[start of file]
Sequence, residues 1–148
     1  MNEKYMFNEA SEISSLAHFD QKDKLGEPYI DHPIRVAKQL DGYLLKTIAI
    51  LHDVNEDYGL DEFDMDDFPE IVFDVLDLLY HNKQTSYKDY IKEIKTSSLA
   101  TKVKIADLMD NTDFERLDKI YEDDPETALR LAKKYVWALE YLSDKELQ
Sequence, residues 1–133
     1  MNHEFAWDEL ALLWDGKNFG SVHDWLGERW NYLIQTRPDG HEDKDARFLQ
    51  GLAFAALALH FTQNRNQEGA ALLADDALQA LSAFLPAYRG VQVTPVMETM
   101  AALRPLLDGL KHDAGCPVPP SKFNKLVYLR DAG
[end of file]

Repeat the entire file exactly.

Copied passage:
Sequence, residues 1–148
     1  MNEKYMFNEA SEISSLAHFD QKDKLGEPYI DHPIRVAKQL DGYLLKTIAI
    51  LHDVNEDYGL DEFDMDDFPE IVFDVLDLLY HNKQTSYKDY IKEIKTSSLA
   101  TKVKIADLMD NTDFERLDKI YEDDPETALR LAKKYVWALE YLSDKELQ
Sequence, residues 1–133
     1  MNHEFAWDEL ALLWDGKNFG SVHDWLGERW NYLIQTRPDG HEDKDARFLQ
    51  GLAFAALALH FTQNRNQEGA ALLADDALQA LSAFLPAYRG VQVTPVMETM
   101  AALRPLLDGL KHDAGCPVPP SKFNKLVYLR DAG